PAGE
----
NHRIs face challenge to fulfil mandate

THE National Human Rights Institutions (NHRIs) have a broad mandate and face a challenge to fulfill their mandate, especially in small island states where staffing and resources are small.
These were the sentiments shared by Pacific Community’s (SPC) senior human rights adviser Dr Jayshree Mangubhai while responding to questions sent by this newspaper regarding the challenges faced by NHRIs in achieving their goals and carrying out their responsibilities and powers in the region.
Dr Mangubhai said where there was a small number of staff in NHRIs, and there was a challenge to coordinate work across different functions.
“For example, where an Ombudsman’s office has both a human rights and good governance mandate, staff recruited under the human rights mandate may be required to support activities under the good governance mandates at times, and need to be able to communicate effectively the work the office does under both mandates,” Dr Mangubhai said.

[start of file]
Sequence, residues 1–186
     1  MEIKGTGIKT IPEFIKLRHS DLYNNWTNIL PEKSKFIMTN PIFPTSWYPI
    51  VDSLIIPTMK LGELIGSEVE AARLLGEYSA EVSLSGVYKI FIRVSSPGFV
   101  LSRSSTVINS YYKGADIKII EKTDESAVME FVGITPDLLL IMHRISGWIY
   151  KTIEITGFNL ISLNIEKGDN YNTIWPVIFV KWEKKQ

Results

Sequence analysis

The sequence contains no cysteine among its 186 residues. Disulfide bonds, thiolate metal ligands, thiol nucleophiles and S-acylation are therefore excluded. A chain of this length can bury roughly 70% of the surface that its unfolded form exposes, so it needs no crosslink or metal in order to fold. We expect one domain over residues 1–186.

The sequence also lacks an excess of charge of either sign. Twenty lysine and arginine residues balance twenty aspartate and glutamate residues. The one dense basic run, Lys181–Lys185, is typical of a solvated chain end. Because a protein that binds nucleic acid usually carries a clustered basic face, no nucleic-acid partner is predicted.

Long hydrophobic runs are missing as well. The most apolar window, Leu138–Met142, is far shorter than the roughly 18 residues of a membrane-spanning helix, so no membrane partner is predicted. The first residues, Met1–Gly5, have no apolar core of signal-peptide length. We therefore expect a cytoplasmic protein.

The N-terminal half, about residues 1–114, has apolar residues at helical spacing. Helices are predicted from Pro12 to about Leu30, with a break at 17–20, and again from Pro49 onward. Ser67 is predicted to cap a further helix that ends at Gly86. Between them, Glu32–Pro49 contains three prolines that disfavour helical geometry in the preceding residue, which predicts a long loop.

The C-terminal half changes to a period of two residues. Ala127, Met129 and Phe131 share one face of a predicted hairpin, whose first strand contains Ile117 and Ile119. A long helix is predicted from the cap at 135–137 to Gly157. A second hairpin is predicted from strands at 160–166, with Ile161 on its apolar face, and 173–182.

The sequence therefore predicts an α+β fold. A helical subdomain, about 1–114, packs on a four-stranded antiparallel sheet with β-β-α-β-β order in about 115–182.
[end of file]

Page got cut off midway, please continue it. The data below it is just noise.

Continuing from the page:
“There is a need for ongoing opportunities for capacity building of staff to be able to perform all the human rights functions as well.”
She added the challenge of developing a strong monitoring and evaluation framework to track the results of the reports produced and recommendations made by NHRIs also existed.
NHRIs are specialised bodies established by governments but intended to provide an independent assessment of the nation’s duty to protect and promote the human rights of its people, including vulnerable groups.
They provide an essential role in the human rights ‘machinery’ of any country.

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